Have you subscribed to this Writer Wellness blog yet? Get email updates when a new post is added. Click “subscribe” and leave your email. That’s it and thanks in advance!

Be well, write well

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Friday Feast: Guest Natalie Markey’s Inspirational Writing Space

 

 

 

Constructing an inspirational writing space for the New Year

By Natalie C. Markey

 

As 2011 reaches an end many of us are starting to think about our New Year’s resolution. For writers, many of our New Year’s resolutions are writing related but it doesn’t have to be about craft specifically. Sometimes the smallest and simplest things can make the biggest differences in the way you live your life. I know some of us don’t have an actual office but wherever you work, you should take it as seriously as you take your writing.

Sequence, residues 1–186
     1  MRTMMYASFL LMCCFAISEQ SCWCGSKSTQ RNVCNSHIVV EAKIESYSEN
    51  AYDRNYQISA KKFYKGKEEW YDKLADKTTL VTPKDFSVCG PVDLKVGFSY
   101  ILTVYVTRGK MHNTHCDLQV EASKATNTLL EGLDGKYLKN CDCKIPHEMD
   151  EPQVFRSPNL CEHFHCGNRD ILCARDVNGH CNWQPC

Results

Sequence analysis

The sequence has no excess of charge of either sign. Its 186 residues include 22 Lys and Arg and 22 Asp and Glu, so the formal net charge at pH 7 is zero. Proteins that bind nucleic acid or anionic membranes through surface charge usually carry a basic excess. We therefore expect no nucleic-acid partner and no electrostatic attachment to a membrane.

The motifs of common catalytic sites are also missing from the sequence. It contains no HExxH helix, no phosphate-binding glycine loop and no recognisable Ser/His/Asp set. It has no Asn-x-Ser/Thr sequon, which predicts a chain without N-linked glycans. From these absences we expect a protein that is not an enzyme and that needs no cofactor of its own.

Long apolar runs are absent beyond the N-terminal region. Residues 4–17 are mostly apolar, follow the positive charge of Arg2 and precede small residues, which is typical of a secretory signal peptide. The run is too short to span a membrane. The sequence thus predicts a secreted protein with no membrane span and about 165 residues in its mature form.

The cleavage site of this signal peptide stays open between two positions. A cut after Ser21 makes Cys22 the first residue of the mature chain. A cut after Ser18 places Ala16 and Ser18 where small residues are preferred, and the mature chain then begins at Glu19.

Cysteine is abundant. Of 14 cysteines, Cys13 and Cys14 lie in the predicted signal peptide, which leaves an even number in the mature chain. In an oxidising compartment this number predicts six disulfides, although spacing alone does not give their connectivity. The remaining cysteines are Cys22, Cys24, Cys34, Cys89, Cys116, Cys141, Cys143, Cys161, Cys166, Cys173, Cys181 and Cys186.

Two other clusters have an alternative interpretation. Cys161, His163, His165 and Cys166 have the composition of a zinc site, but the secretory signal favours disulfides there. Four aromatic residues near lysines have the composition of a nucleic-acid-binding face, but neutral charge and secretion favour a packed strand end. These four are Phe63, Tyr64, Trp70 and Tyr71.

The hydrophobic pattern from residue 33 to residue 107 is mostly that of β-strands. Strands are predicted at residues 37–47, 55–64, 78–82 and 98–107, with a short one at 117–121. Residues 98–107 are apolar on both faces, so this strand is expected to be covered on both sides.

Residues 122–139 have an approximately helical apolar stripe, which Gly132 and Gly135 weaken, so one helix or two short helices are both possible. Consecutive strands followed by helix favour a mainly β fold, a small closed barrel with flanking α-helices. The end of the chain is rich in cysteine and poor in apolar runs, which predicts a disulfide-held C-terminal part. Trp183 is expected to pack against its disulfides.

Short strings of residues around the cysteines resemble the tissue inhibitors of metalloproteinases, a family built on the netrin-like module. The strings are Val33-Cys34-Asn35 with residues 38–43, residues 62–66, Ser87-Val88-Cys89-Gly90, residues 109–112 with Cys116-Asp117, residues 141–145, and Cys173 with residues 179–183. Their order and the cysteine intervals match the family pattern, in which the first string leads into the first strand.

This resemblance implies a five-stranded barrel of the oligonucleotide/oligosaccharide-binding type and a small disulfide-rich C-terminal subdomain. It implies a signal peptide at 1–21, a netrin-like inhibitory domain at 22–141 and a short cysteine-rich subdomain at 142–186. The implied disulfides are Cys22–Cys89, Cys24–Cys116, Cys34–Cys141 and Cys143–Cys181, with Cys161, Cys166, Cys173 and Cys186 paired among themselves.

Before I had a spare bedroom I use to write from our kitchen table. For the record, I DO NOT recommend this! Every time we ate all of my notes had to be moved and things always got out of order. I spent the most of my time trying to make sense of my stuff. You really need to have a space of your own to devote to your craft. Even if it is a small card table in the corner of a room, it is better then nothing.